The school at the corner of Broadway and Walnut Street in Chicopee, around 1892. Image from Picturesque Hampden (1892).
The scene in 2018:
This school was completed in 1876, in the factory village of Chicopee Falls. At the time, Chicopee was developing into an important manufacturing center, and many of the students at this school would have been the children of French Canadian immigrants who worked in the nearby factories. The school itself was located just up the hill from the river, on the southern edge of the village. At the time, the surrounding land was still sparsely developed, but this soon changed as Chicopee continued to grow. By 1882, the land just to the north of the school had become the home of the Overman Wheel Company, whose bicycle factory is visible on the right side of the photo.
The Overman Wheel Company was perhaps most significant for being the first American manufacturer of safety bicycles. Unlike the older penny-farthing bicycles, safety bicycles had identically-sized wheels, much like modern bicycles. They were, comparatively speaking, safer than the older bicycles, which required riders to sit much higher and further forward. Along with this innovation, Overman also produced bicycles with interchangeable parts, pneumatic tires, and all-steel parts. These features gave Overman bicycles a higher price tag than most of their competitors, but they enjoyed widespread popularity, and at its peak this factory was producing some 80,000 bicycles per year.
All of this was good news for the owners and employees at Overman, but it made things more difficult for the teachers and students next door at the school. The constant noise from the bicycle factory proved to be a serious distraction here in the school, and the Chicopee School Committee closed the school in 1893, only about a year after the first photo was taken. The building was subsequently purchased by Overman and converted into a factory, and the teachers and students moved into the newly-completed Alvord School, located just a little further south of here on Broadway.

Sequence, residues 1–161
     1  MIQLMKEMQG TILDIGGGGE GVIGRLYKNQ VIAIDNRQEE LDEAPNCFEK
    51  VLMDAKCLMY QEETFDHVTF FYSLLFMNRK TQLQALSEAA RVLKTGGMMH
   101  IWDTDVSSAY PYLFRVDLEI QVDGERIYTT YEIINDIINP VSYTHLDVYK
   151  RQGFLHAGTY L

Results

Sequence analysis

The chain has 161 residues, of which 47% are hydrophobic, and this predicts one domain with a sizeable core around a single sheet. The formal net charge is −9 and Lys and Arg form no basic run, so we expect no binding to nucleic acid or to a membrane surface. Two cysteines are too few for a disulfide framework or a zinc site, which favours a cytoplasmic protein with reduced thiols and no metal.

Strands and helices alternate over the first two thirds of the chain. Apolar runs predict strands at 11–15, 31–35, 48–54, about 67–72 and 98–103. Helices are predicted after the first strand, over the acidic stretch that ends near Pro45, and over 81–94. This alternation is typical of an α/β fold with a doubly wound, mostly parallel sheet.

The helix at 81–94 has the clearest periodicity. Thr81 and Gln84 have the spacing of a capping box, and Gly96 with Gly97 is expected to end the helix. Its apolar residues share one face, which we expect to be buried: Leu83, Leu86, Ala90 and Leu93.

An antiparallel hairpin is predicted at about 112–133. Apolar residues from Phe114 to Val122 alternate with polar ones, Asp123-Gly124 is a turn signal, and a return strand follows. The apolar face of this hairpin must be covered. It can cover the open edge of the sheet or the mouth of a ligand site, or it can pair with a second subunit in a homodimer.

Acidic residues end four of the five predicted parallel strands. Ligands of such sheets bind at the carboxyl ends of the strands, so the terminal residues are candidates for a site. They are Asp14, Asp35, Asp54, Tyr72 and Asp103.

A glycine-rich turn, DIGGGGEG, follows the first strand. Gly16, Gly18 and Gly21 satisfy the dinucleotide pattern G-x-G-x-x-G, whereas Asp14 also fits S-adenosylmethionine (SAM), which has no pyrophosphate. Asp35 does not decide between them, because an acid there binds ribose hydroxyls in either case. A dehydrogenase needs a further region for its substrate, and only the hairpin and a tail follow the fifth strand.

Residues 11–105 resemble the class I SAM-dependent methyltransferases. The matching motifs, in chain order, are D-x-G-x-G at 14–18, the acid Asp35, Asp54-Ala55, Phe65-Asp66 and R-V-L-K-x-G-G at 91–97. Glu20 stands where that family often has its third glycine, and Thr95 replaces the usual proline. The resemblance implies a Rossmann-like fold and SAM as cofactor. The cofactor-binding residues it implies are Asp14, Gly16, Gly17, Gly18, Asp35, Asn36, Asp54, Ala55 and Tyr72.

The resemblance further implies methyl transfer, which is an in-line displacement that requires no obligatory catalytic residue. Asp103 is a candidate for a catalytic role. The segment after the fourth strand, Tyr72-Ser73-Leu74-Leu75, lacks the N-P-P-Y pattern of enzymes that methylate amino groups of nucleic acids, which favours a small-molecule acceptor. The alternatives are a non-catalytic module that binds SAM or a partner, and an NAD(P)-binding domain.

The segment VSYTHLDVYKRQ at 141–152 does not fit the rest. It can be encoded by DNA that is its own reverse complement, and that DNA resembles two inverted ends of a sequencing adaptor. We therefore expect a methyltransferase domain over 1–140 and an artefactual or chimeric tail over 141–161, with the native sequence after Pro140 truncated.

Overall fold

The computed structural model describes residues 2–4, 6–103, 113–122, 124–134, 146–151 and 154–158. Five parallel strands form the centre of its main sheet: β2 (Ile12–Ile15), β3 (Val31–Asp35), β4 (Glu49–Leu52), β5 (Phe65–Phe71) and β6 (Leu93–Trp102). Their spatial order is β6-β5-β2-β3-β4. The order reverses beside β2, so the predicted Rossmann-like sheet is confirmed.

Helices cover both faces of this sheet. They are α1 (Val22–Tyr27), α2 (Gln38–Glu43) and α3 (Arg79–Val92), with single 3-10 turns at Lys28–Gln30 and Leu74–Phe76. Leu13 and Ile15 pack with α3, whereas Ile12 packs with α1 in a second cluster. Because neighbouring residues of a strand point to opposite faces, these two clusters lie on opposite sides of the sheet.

Overman continued to produce bicycles here until 1900, when the company went out of business amid increased competition and decreased prices for bicycles. The former school became a chocolate factory, and later the home of the Page Paper Box Company, while the rest of the Overman plant was sold to J. Stevens Arms & Tool Co. This company was a leading producer of sporting firearms, and in 1920 it was acquired by Savage Arms, although Stevens continued to manufacture guns here as a subsidiary.
The factory was finally demolished in 1960, after Savage Arms moved production to Westfield, Massachusetts, and the old school may have been demolished around the same time. The site of the factory and school, along with several other adjacent blocks here in Chicopee Falls, were subsequently redeveloped as part of an urban renewal project. It is now an affordable housing complex, and it is named MacArthur Terrace after Chicopee Falls native Arthur MacArthur, a prominent Army general who was also the father of Douglas MacArthur.